in Choose Hope Today, Living Hope

By Guest Writer and Hope Practitioner Lane Faulkner

I remember being a new mom; I was completely and utterly overwhelmed. In a few short years, my life seemed consumed by the duties of motherhood. You know this song; as moms we play it on repeat every single day. It’s endless mounds of laundry, which, if most of us are being honest, spend at least two cycles in the washer before we remember to transfer them to the dryer. It’s the couponing and grocery shopping, and it’s the sweet freedom to walk aimlessly through the grocery store without the kids in tow. It’s meal prep and dishes, and the countless counter wipes and floor sweeps to clean rogue Cheerios and sticky messes. It’s diaper changing and potty training, homework helping and Lego building. It’s time-out chairs and sticker charts, tantrums and Band-Aids, carpools and sports practices. It’s the huge sigh we let out after the last bed has been checked for monsters and the last book read, succumbing to the sheer exhaustion of one singular day’s duties.

Friend, this motherhood business is hard. The weight of responsibility to not just care for our kids, but to raise them to be kind, loving, and responsible little humans is almost too heavy to bear some days. It’s easy for us to get swept away in the minutia of parenting. And let’s face it – some days it feels like a job more than a joy.

In my earliest days of motherhood, I wanted everything to be perfect, including myself. I had expectations of what my house should look like, how I should cook, how I should parent, and the type of child I wanted to raise. Over the years, I eventually collapsed under all the hats I wore as a mother, a daughter, a wife, a sister, and a friend. Most days, it felt like I existed solely to meet the needs of everyone else, and my desire for control had become an all-consuming idol that permeated all of my relationships.

Our culture has placed an ideal of motherhood on a pedestal so high none of us can reach it. Our Pinterest boards brim with ideas for the perfect birthday party, the perfect nursery, or the perfect organic ways to feed our families. The bar seems so unattainable, and the energy to scale it can be exhausting.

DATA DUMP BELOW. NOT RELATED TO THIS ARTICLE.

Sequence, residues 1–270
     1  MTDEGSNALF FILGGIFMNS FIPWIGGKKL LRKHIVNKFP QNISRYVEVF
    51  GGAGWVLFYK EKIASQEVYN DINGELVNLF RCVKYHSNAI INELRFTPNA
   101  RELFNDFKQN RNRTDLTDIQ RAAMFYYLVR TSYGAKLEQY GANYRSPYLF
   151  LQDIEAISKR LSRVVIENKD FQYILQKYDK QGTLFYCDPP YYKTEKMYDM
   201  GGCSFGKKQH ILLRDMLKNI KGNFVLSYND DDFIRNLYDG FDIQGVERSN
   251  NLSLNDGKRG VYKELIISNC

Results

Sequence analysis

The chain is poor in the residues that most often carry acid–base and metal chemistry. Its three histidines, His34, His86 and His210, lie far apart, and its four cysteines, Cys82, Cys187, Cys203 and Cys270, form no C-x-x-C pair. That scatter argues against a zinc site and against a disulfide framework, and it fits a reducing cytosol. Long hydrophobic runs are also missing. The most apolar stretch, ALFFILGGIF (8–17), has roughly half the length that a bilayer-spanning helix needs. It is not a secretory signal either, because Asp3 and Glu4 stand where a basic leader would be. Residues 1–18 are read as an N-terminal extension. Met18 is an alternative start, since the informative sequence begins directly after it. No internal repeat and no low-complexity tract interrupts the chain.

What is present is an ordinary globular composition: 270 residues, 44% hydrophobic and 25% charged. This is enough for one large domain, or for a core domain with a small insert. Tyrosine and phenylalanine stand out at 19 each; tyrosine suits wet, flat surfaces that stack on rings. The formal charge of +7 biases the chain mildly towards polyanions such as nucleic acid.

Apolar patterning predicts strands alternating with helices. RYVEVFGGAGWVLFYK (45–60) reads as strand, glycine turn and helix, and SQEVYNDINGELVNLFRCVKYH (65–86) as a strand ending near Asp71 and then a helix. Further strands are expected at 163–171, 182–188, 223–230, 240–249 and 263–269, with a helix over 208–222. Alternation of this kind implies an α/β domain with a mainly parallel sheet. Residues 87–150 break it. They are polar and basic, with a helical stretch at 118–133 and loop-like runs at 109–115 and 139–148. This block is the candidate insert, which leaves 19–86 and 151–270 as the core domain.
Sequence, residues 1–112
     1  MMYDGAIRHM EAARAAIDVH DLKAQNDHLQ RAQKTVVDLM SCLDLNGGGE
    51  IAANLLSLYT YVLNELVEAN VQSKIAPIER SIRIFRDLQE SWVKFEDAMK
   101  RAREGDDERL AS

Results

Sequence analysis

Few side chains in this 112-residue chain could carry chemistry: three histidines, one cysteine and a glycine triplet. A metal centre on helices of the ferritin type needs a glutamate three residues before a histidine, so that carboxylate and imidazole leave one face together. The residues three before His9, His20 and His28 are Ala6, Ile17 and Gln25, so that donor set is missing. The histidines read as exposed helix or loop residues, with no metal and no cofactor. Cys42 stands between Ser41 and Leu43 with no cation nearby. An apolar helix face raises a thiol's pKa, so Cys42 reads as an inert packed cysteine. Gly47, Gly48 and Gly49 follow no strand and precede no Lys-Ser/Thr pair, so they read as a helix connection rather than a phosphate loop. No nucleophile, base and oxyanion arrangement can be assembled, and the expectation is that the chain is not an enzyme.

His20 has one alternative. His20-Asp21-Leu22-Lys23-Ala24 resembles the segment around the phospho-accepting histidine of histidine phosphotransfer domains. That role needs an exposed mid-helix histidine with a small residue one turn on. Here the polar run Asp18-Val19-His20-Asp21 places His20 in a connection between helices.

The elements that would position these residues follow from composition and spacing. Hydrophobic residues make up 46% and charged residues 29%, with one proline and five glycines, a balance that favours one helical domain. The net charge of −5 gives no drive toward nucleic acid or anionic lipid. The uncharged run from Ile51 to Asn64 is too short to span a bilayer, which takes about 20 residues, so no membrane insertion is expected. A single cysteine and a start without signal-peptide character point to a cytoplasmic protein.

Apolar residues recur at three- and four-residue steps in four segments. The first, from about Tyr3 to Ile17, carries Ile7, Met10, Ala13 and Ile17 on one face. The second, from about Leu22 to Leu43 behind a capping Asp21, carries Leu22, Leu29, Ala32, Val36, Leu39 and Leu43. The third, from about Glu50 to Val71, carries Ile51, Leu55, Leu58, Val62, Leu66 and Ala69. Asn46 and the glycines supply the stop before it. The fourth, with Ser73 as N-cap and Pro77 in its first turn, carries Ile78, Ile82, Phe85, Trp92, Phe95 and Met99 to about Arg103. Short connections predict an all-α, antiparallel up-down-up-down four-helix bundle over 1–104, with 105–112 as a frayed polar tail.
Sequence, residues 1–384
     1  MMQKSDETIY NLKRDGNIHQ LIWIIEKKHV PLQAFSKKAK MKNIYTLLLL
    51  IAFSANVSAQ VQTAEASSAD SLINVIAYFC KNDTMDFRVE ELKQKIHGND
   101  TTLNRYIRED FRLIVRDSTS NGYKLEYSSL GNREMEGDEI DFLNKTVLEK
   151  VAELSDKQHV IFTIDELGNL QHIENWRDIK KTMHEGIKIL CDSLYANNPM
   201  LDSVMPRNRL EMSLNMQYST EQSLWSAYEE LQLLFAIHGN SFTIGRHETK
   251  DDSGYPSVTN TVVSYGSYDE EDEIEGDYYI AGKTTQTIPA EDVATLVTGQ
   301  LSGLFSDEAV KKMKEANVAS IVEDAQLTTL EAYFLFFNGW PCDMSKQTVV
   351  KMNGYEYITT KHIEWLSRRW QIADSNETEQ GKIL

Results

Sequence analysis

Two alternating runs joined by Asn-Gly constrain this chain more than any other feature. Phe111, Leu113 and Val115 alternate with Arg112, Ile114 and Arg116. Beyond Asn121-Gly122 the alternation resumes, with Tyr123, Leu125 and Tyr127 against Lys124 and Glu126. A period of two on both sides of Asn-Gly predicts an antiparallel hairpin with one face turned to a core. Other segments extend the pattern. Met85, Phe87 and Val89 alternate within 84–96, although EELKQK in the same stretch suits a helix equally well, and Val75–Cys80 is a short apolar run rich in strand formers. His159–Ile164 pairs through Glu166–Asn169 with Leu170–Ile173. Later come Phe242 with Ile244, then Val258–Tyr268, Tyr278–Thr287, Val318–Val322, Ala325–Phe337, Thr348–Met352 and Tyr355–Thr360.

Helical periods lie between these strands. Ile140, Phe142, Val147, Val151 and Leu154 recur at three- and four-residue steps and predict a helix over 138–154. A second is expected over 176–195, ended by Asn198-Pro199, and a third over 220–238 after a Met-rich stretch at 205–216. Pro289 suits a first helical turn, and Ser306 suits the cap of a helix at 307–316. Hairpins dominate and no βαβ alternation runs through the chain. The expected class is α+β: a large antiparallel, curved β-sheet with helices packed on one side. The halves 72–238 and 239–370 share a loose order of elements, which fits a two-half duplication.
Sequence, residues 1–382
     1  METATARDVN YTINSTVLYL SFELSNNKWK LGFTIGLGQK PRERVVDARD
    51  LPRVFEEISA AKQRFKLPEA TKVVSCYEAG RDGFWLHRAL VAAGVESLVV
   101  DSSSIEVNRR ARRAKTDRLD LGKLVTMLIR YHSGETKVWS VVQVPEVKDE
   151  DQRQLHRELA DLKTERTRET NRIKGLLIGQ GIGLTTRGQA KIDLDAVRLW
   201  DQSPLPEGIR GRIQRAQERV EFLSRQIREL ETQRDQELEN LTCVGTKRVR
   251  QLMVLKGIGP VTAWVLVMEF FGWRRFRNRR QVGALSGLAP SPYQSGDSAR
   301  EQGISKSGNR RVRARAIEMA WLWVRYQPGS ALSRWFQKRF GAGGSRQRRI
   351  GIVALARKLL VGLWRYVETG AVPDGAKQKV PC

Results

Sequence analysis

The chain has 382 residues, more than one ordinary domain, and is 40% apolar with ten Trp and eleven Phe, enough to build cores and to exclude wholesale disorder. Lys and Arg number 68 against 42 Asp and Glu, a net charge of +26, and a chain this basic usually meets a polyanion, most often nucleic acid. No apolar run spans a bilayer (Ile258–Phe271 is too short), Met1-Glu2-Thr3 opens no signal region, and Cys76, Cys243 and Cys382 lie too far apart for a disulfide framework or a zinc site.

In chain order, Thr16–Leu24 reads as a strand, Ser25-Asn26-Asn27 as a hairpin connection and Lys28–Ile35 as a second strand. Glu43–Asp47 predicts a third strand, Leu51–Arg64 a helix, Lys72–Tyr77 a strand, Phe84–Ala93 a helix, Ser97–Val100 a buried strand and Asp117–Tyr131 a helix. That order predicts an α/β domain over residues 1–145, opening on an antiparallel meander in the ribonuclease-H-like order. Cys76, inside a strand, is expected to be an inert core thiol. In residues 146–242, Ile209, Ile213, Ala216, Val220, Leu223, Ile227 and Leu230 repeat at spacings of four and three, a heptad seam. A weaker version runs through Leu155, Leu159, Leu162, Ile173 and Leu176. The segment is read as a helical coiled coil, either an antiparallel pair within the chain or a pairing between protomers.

It was only when I walked through my own journey of grief through my divorce that I saw clearly what I was missing all these years. I had mistaken my role as a mother for being my sole purpose in life. My own self no longer existed, and I was now defined by who I was to these tiny people. The idea itself is noble, but my epiphany smacked me square between the eyes: the plane was going down, and I wasn’t putting on my oxygen mask first.

The true disservice is neglecting our own true selves in favor of the roles in which we serve. By practicing Surrender, we acknowledge the truth of what we can and cannot control. We absolve ourselves of the falsehood of perfection and accept the grace that we, as parents, extend to our children. And through the Practice of Stillness, we are able to quiet ourselves, separating our souls from the harried chaos that parenting inherently creates. We can listen, breathe, and open that space within that speaks our own unique truths about who we are as individuals. We seize the opportunity to develop and preserve our identities. And through these Practices, we can turn back to our children better in tune to meet their needs because our own oxygen mask has been fastened securely into place. We are able to revel in the sweet, still moments with our children because we are fully present in them.

It is imperative that we intentionally carve out opportunities for both the Practices of Surrender and Stillness, whether it’s something as simple as taking a detour in the park a few minutes before the school pick-up line or a long, hot bath at the end of the day. A friend of mine asked me not too long ago, “If you had no obligations, no roles – if you weren’t a mom, or an employee, or a daughter – what would get you out of bed in the morning?” I honestly couldn’t answer him at the time, but it caused me to look hard at myself in the mirror each day to discover what that was – storytelling through writing. It is what nurtures my soul, brings purpose and meaning to my life, and connects me to others in this massive human tapestry. By identifying and connecting with your own unique internal space, you are Practicing Stillness and grounding your identity in your own truth. This Mother’s Day, allow yourself permission to revisit this home base to offer yourself the gift of Hope by finding time to nurture your own soul as much as you nurture those around you. Surrender the things you cannot control. Be present. Be Still. Be hopeful. This is Living Hope.

Lane Faulkner is a single mom, former educator, college coach, writer, and recovering perfectionist living in Nashville, Tennessee. She loves playing with her two children, possesses an insatiable case of wanderlust and adventure, and finds her own Stillness hiking and camping in the outdoors.